A reckoning in one of the worst U.S. industrial disasters, which unfolded in Montana over seven decades as an asbestos-tainted mineral was dug from the ground and processed, begins today when five former mine executives go to trial on federal criminal charges, reports the New York Times. The case is unusual in that prosecutors have avoided criminal charges in asbestos cases, leaving the issue to the civil courts.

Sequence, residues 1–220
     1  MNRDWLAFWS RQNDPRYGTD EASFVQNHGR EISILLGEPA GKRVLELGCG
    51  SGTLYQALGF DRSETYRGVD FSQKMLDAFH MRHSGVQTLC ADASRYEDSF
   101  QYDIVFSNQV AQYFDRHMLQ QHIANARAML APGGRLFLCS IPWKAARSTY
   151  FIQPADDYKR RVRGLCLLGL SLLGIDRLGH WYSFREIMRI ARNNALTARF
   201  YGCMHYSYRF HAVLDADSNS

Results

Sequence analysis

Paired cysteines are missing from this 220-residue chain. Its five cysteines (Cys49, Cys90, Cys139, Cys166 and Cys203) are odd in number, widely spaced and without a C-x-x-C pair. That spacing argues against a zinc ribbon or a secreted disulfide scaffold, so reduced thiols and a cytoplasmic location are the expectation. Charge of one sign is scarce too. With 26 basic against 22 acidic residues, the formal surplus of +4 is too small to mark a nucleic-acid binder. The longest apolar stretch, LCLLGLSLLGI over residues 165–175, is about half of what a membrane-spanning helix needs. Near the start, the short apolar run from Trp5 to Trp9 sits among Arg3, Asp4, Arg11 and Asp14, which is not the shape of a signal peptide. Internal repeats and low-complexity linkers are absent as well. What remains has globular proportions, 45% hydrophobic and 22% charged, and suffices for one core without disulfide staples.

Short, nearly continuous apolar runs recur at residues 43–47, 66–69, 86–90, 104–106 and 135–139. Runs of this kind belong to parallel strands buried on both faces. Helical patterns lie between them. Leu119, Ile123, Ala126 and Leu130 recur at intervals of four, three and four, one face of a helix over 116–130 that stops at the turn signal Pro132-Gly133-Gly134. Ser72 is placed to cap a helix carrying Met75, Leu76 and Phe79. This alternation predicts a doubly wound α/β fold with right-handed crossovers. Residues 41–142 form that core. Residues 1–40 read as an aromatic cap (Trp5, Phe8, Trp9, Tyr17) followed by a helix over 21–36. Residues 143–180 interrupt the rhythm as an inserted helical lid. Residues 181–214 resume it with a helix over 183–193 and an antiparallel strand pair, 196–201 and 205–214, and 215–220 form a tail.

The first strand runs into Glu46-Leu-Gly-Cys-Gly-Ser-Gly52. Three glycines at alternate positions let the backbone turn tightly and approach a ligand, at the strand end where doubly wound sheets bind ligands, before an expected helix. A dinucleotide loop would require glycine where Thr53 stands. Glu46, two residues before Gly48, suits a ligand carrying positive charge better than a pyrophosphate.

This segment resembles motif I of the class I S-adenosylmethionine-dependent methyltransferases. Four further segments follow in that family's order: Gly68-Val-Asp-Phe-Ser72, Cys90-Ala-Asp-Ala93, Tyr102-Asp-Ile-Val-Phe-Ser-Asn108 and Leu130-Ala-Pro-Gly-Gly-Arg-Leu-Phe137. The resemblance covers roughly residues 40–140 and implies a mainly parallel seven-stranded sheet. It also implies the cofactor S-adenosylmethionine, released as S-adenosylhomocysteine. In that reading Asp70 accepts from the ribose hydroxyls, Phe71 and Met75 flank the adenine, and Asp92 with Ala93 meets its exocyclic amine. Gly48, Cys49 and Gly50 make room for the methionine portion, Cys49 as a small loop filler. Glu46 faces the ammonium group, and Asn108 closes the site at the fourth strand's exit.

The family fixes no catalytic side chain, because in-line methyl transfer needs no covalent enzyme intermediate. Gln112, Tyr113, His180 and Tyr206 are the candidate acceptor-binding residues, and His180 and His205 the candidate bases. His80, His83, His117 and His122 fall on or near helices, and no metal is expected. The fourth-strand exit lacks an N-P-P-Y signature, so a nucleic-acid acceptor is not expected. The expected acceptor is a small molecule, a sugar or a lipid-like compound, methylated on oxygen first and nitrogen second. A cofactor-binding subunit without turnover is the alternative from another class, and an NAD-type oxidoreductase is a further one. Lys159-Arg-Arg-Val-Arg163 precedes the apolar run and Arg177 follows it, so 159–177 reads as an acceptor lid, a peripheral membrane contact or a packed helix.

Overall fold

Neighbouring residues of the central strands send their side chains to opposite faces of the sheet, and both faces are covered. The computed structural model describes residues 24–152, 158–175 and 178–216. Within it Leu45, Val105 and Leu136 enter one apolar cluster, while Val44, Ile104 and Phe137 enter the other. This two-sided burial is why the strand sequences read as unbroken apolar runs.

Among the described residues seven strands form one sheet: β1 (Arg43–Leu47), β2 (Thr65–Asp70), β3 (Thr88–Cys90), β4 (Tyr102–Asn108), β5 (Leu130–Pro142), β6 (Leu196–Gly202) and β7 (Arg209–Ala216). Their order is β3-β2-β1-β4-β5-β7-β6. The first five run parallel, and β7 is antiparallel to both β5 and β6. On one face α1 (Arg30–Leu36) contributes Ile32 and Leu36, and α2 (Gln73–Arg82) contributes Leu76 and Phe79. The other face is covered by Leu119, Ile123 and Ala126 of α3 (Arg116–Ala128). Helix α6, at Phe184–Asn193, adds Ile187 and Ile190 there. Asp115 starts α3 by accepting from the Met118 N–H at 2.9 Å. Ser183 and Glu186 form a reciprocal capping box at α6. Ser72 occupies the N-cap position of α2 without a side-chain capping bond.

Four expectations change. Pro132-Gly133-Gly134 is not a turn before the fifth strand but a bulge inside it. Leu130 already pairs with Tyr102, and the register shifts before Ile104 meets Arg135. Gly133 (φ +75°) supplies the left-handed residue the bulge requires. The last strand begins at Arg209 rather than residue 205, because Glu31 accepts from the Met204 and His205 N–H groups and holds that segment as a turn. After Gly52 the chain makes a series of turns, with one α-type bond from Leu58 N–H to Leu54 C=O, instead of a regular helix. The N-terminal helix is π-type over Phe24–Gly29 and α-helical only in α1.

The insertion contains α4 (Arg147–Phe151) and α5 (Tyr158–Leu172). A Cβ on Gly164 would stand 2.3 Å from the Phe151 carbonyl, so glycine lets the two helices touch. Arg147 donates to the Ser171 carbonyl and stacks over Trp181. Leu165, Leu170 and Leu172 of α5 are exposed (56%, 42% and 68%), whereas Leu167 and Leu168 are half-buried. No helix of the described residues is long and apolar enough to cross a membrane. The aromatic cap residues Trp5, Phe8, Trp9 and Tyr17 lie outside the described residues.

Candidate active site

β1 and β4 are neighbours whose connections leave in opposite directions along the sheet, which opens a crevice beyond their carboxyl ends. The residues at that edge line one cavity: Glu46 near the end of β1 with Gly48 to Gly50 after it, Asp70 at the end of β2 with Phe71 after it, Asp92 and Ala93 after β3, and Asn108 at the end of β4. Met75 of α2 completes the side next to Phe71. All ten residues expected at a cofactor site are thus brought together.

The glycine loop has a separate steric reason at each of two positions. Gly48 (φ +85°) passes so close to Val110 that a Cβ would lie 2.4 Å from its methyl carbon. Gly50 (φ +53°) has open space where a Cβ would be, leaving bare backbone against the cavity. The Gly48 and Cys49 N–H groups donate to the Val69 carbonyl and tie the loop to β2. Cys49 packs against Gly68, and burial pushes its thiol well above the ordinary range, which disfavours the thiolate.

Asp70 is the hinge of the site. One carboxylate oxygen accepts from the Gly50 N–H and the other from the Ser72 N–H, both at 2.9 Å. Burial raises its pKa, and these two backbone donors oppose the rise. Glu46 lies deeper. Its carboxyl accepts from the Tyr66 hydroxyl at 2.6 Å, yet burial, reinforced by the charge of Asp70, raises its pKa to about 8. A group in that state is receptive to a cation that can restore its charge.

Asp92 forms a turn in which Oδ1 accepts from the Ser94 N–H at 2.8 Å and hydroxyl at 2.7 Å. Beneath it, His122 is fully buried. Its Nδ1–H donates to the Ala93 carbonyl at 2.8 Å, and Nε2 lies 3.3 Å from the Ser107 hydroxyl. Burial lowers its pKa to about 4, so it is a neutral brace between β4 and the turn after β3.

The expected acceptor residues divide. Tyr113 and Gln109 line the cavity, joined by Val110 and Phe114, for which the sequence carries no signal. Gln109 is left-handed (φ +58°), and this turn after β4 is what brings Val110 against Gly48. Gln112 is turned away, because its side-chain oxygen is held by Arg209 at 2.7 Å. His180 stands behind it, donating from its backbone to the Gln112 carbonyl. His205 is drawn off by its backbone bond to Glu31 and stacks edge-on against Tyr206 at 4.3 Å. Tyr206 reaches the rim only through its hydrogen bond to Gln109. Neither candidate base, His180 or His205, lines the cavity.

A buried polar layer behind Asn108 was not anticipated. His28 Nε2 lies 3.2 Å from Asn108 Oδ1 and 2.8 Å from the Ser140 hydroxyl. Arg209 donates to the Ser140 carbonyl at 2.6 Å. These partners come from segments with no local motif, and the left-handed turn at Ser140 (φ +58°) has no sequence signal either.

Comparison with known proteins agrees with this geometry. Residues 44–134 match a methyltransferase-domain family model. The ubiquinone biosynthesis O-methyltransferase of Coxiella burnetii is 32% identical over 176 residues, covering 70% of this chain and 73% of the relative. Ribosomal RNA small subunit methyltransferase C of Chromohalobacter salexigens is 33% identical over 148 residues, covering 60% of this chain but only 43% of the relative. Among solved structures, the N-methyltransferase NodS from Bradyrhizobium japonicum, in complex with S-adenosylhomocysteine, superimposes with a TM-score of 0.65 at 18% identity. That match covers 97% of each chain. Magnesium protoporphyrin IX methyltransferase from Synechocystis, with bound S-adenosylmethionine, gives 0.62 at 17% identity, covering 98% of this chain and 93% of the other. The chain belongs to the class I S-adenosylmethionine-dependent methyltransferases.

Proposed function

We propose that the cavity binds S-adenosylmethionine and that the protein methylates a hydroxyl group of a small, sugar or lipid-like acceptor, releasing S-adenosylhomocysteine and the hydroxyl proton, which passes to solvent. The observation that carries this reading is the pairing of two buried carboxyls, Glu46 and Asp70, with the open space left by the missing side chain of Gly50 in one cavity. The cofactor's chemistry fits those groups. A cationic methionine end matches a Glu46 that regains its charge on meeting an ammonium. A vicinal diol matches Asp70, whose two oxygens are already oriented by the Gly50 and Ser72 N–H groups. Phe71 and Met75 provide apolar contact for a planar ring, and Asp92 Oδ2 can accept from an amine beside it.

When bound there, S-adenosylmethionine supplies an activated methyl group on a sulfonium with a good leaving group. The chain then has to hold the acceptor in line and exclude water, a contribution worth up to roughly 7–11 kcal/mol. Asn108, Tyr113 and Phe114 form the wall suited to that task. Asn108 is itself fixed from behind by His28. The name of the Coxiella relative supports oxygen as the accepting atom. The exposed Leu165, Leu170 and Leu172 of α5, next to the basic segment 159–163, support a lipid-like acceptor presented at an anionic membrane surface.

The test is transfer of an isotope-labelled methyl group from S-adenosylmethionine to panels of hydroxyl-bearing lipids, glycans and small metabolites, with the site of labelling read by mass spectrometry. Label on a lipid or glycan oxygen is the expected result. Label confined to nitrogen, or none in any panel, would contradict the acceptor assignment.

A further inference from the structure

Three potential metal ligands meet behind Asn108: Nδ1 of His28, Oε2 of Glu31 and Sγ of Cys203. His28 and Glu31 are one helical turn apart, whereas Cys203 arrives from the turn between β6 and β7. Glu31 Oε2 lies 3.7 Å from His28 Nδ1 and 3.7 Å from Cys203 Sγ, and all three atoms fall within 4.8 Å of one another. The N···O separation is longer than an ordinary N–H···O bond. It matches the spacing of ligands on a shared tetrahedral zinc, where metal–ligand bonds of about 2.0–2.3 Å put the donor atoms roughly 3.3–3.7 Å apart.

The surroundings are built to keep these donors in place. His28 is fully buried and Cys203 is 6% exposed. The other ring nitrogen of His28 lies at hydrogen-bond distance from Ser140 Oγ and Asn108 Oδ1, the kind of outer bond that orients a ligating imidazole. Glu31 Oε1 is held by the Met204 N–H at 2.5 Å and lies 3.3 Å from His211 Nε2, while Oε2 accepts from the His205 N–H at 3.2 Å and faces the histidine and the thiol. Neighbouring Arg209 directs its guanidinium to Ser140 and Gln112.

The story of the now-closed mine and its adjacent mill is different, because it involves miners, their families, and neighbors who beame ill just living in the remote northwestern corner of Montana. At least 200 deaths and thousands of illnesses are related to the town's exposure to the mine's dust clouds of vermiculite, which by dint of geological bad luck was layered millions of years ago with naturally occurring asbestos. Prosecutors say the mine's owner, W. R. Grace & Company, a defendant, and its managers knew as far back as the 1970s that asbestos was mixed with the vermiculite and that this posed a risk to their workers, but that they conspired to continue releasing it into the air and to misrepresent the peril.